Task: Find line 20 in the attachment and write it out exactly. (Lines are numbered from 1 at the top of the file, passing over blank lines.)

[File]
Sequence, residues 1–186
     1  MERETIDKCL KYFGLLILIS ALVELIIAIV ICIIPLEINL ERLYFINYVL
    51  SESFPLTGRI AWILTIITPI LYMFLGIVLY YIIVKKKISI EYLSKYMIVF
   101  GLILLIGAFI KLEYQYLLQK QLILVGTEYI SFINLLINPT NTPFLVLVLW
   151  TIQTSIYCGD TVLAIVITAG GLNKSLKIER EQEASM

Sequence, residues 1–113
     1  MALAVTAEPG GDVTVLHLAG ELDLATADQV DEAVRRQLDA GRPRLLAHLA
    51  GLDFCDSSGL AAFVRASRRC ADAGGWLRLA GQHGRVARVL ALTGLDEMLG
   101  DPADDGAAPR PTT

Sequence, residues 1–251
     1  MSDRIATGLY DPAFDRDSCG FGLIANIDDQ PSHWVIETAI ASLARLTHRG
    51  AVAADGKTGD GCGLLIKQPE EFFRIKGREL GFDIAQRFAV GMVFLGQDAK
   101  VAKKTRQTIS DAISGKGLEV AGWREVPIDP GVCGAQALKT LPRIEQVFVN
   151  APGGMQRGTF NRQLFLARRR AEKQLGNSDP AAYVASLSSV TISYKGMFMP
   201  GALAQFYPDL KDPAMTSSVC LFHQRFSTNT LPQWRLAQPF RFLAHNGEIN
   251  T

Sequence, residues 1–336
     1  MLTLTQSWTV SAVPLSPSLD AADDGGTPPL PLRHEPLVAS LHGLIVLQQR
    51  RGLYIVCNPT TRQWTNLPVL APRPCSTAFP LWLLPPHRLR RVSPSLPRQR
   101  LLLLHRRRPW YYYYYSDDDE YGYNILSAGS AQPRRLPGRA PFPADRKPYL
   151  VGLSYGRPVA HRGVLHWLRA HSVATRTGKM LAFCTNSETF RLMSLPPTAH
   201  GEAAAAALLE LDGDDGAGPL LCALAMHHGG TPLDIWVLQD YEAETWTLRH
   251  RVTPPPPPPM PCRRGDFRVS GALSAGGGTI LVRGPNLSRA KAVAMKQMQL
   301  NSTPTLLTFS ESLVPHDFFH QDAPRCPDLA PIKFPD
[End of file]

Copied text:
   101  LLLLHRRRPW YYYYYSDDDE YGYNILSAGS AQPRRLPGRA PFPADRKPYL